Stanford School

Stanford Junior and Infant School

Living together - Learning together

Cooper Lane, Laceby, Grimsby
NE Lincolnshire DN37 7AX
Tel. 01472 318003
E. office@stanfordschool.co.uk
Contact. Miss King (Business Manager)

Science

The Intent, Implementation and Impact of our Curriculum – Science

Stanford Infant and Junior School understands the need for all pupils to develop their Scientific ability as an essential component of all subjects and as a subject in its own right. A good understanding of scientific knowledge and conceptual understanding helps to support pupils work across the curriculum.

Intent

At Stanford Infant and Junior School we believe that a high quality science education provides the foundations for understanding the world through the specific disciplines of biology, chemistry and physics. Science has changed our lives and is vital to the world’s future prosperity, and all pupils should be taught essential aspects of the knowledge, methods, processes and uses of science. Through building up a body of key foundational knowledge and concepts, pupils should be encouraged to recognise the power of rational explanation and develop a sense of excitement and curiosity about natural phenomena. They should be encouraged to understand how science can be used to explain what is occurring, predict how things will behave, and analyse causes.

Science in our school is about developing children’s ideas and ways of working that enable them to make sense of the world in which they live through investigation, as well as using and applying process skills. The staffs at Stanford Infant and Junior School insure that all children are exposed to high quality teaching and learning experiences, which allow children to explore their outdoor environment and locality, thus developing their scientific enquiry and investigative skills. They are immersed in scientific vocabulary, which aids children’s knowledge and understanding not only of the topic they are studying, but of the world around them. We intend to provide all children regardless of ethnic origin, gender, class, aptitude or disability, with a broad and balanced science curriculum.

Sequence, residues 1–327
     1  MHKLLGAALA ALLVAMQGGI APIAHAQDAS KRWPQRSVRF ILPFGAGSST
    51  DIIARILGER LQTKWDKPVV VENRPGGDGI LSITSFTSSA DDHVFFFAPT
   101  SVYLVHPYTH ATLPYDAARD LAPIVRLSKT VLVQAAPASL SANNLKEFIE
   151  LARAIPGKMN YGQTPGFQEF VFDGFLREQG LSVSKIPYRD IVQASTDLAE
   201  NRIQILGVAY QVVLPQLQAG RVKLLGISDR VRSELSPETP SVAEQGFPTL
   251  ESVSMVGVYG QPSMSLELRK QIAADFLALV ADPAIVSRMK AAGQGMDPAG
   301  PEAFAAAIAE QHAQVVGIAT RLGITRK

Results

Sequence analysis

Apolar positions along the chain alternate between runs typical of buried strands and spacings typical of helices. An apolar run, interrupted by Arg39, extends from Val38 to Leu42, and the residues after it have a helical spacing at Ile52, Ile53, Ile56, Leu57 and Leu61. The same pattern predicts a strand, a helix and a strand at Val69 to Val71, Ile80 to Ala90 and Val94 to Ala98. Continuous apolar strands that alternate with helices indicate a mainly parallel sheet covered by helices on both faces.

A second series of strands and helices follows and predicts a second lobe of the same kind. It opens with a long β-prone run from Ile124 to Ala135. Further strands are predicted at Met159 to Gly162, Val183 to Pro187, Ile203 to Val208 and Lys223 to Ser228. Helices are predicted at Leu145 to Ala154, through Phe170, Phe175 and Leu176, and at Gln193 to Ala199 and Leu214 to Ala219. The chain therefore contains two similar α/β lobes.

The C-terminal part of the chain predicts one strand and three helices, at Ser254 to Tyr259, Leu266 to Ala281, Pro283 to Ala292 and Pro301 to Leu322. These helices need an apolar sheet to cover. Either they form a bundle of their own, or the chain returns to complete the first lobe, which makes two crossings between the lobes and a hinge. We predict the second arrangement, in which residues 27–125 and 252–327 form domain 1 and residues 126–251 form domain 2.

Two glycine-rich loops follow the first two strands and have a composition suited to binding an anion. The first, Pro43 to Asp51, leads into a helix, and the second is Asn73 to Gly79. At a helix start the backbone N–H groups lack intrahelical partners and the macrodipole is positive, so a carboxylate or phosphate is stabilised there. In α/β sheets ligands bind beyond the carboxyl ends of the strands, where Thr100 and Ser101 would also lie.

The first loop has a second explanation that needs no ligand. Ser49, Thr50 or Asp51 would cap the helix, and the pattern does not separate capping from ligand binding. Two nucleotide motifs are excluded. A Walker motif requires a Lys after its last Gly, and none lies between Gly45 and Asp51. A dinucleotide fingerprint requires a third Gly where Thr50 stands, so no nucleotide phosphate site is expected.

Implementation

In ensuring high standards of teaching and learning in science, we implement a curriculum that is progressive throughout the whole school.

Planning for science is a process in which all teachers are involved to ensure that the school gives full coverage of, ‘The National Curriculum programmes of study for Science 2014’ and, ‘Understanding of the World’ in the Early Years Foundation Stage. Science teaching at School Stanford Infant and Junior involves adapting and extending the curriculum to match all pupils’ needs. Where possible, Science is linked to class themes. Science is taught as discrete units to ensure coverage. Due to one form year groups in our school, Science units are taught on a year rolling programme. This ensures progression between year groups and guarantees topics are covered. Teachers plan to suit their children’s interests, current events, their own teaching style, the use of any support staff and the resources available.

As part of the planning process teachers need to plan the following:

  • A knowledge organiser which outlines knowledge (including vocabulary) all children must master.
  • A cycle of lessons for each subject which carefully plans for progression and depth.
  • Encourage open-mindedness, self-assessment, perseverance, and developing skills of investigation-including: observing, measuring, predicting, hypothesising, experimenting, communicating, interpreting, explaining and evaluating.
  • A diagnostic assessment at the beginning of each new unit and at the end to support learners’ ability to block learning.